When I sat down to watch the TV documentary following Greta Thunberg’s year-long campaign to explore the science of global warming, I expected to feel sad and frustrated. It would, after all, focus on the damage we are causing to our precious planet as well as highlight how little is being done to change it. But in addition to those predicted emotions, I also felt encouraged and extraordinarily impressed.
When a lone, fifteen-year-old girl took the day off school to sit outside the Swedish Parliament with a sign saying ‘Skolstrejk för klimatet’ (School strike for climate), no-one expected it to result in a worldwide protest, least of all Greta herself. However, inspired by her unwavering determination, children around the world began to engage in similar protests and the ‘Fridays for Future’ movement was born.
Since then, the young environmental activist has addressed the United Nations, met with the German chancellor, Angela Merkel, and travelled the world to further her knowledge and strengthen her campaign. She also met with Sir David Attenborough, probably the world’s best known naturalist. And whilst many students continued to strike from school every Friday, Greta was busy gathering the evidence needed for her mission: to hold world leaders to the Paris Agreement, a legally binding international treaty on climate change.
The documentary followed Greta to Canada’s Rocky Mountains, where the rise in global temperatures is allowing the pine beetle to flourish, thus causing widespread destruction of trees. As a direct result, squirrels, birds and grizzly bears are also suffering. Historically, freezing winter temperatures would kill the pest, protecting the forest and its inhabitants. Evidence, should we need it, that it only takes one minor change to have major implications.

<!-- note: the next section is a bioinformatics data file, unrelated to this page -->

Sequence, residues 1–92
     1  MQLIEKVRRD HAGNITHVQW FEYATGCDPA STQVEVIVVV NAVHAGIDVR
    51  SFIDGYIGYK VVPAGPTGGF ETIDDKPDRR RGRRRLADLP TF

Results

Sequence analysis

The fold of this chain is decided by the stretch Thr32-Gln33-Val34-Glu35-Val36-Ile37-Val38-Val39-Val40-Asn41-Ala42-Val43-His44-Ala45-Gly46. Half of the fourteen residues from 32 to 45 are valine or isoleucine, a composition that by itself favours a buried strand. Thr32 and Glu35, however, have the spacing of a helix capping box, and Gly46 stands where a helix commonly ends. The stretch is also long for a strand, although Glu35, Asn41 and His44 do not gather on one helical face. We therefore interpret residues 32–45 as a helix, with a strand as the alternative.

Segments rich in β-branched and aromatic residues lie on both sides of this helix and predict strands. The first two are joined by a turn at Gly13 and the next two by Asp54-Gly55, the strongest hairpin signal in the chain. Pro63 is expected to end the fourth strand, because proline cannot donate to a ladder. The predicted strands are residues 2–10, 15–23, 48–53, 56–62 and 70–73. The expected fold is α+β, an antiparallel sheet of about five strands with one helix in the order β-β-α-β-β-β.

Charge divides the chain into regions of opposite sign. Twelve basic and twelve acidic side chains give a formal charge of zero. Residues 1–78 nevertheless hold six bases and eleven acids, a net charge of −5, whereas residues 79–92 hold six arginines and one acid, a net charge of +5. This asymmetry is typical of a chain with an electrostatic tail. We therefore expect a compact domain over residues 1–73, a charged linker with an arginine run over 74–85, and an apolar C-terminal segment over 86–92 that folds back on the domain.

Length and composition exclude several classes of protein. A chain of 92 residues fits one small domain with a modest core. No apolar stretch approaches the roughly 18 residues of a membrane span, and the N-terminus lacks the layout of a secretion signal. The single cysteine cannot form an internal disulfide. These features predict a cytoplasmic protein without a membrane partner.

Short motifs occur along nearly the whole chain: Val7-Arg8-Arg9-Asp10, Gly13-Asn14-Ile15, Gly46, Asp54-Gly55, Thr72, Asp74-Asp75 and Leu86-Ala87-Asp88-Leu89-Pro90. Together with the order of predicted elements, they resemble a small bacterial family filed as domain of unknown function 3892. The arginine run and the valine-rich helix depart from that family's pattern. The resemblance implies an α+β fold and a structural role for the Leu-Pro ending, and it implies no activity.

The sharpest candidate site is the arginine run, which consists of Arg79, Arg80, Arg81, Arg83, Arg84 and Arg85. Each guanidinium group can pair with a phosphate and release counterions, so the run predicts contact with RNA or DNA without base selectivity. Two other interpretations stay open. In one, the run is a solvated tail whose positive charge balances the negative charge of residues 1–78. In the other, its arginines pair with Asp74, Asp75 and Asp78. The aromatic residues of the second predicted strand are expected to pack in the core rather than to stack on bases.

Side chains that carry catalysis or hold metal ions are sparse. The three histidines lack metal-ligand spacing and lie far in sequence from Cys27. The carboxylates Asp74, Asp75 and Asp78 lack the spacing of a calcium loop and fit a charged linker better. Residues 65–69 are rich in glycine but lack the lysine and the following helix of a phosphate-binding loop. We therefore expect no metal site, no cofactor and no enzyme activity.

In Canada, Greta also visited the Athabasca glacier, currently suffering its fastest melt rate ever. In some areas, the ice looked black, the result of soot and dust from forest fires. This residue means the snow and ice is less able to reflect the sun, increasing the melt rate still further. As if that’s not bad enough, the melting ice is causing sea levels to rise – predicted at 1 metre by the end of the century – and almost every coastline in the world is susceptible to the resulting disaster.
In 2018, California suffered some of the deadliest wild fires ever seen in the United States. Eighty-six people died and fifty-thousand were displaced. Greta talked to some of the survivors and expressed her frustration. “We see all of these things repeating themselves over and over again. People die and people suffer from it but we completely fail to connect the dots.”
Her eloquence is astounding for someone so young. Coupled with the fact she was diagnosed with Asperger Syndrome – a form of autism – her achievements are remarkable. Lesser individuals may well have walked away, particularly when death threats were received and conspiracy theories spread. But her passion is obvious and her resolve unfaltering.
In 2019, Greta was due to attend the 25th United Nations Climate Change Conference in Chile. Unfortunately, due to social unrest in the country, the venue was shifted to Madrid.
The travel implications were disastrous for Greta who, due to her unwillingness to fly (because of the chemical impact on the atmosphere), had already travelled half way around the world the wrong way. She was forced to embark on a 19-day Atlantic crossing from Virginia to Lisbon by catamaran. For the benefit of the doubters and haters who are constantly looking for an excuse to criticize the young activist, the trip was confirmed as carbon neutral.